Research table: Smoking and breast cancer risk
This summary table contains detailed information about research studies. Summary tables are a useful way to look at the science behind many breast cancer guidelines and recommendations. However, to get the most out of the tables, it’s important to understand some key concepts. Learn how to read a research table.
Introduction: Women who smoke for many years may have a slightly increased risk of breast cancer [1-3].
Women who are current smokers and have been smoking for more than 10 years appear to have about a 10 percent higher risk of breast cancer than women who’ve never smoked [1-3].
Women who are current smokers but have smoked for less than 10 years don’t appear to have an increased risk of breast cancer.
Whether women who smoked in the past have an increased risk of breast cancer is under study.
Smoking is linked to an increased risk of many other types of cancer, including cancers of the lung, kidney and pancreas.
Learn more about smoking and breast cancer risk.
Learn about smoking and breast cancer survival.
Learn about the strengths and weaknesses of different types of studies.
See how this risk factor compares with other risk factors for breast cancer.
Table note: Relative risk above 1 indicates increased risk. Relative risk below 1 indicates decreased risk.
Relative Risk of Breast Cancer in Current Smokers Compared to Never Smokers,
Prospective cohort studies
Nurses’ Health Study 
Bjerkaas et al. 
NIH-AARP Diet and Health Study 
Canadian National Breast Screening Study 
Multiethnic Cohort Study 
Cancer Prevention Study II (CPS-II) 
Women’s Health Initiative Observational Study 
California Teachers Study 
Iowa Women’s Health Study 
National Institute of Environmental Health Sciences Sister Study 
Generations Study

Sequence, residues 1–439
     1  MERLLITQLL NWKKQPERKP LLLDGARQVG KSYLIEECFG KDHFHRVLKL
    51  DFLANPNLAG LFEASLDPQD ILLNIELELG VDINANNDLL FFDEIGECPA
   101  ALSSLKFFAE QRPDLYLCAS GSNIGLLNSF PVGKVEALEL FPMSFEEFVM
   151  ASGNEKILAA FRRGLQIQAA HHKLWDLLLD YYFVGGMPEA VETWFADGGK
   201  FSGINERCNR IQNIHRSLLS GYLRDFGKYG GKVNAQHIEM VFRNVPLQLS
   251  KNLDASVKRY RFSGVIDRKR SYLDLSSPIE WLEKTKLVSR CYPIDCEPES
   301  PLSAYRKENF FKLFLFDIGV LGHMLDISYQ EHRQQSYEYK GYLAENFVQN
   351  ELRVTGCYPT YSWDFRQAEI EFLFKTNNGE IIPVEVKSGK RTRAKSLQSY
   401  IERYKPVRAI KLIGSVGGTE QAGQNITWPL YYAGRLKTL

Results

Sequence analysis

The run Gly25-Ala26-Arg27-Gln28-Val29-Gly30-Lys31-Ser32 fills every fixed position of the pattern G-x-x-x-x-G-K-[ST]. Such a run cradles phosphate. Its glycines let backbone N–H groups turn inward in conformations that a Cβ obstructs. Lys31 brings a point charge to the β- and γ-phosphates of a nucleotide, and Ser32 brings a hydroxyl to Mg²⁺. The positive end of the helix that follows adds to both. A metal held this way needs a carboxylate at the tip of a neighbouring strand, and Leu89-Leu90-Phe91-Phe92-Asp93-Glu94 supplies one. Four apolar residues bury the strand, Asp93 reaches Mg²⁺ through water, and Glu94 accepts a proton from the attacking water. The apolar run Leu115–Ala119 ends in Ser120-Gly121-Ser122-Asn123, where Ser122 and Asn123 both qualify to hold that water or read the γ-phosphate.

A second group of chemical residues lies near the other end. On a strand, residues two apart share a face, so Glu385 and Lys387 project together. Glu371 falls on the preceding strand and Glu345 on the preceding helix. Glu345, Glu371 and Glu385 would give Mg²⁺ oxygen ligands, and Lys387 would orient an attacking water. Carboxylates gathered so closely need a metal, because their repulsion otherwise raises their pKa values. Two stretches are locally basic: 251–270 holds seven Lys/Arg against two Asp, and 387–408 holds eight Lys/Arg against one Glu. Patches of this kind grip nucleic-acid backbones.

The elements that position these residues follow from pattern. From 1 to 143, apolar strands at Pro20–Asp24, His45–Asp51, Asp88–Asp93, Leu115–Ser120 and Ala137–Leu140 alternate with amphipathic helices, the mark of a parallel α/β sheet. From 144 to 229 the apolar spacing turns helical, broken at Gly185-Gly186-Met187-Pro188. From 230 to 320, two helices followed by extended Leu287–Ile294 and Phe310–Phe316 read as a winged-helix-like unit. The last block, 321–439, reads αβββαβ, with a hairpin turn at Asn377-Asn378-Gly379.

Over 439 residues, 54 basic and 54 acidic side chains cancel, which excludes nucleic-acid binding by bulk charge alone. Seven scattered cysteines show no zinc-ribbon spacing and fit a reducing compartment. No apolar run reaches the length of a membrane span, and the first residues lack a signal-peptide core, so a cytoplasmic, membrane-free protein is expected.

Danish Nurse Cohort 
Black Women’s Health Study 
Norwegian-Swedish Cohort Study 
Nurses’ Health Study II 
Prospective Family Study Cohort 
Pooled and meta-analyses
Gaudet et al. 
Collaborative Group on Hormonal Factors in Breast Cancer 
Macacu et al. 
Gaudet et al. 
NS = No statistically significant increase or decrease in risk
† Most participants were premenopausal.
‡ Study population included many women at higher risk of breast cancer due to family history, or a BRCA1 or BRCA2 inherited gene mutation. Results similar for these higher risk women and other women in the study (findings were not statistically significant in either group of women).
- Bjerkaas E, Parajuli R, Weiderpass E, et al. Smoking duration before first childbirth: an emerging risk factor for breast cancer? Results from 302,865 Norwegian women. Cancer Causes Control. 24(7):1347-56, 2013.
- Catsburg C, Miller AB, Rohan TE. Active cigarette smoking and risk of breast cancer. Int J Cancer. 136(9):2204-9, 2015.
- Macacu A, Autier P, Boniol M, Boyle P. Active and passive smoking and risk of breast cancer: a meta-analysis. Breast Cancer Res Treat. 154(2):213-24, 2015.
- Dossus L, Boutron-Ruault MC, Kaaks R, et al. for the European Prospective Investigation into Cancer and Nutrition (EPIC) cohort. Active and passive cigarette smoking and breast cancer risk: results from the EPIC cohort. Int J Cancer. 134(8):1871-88, 2014.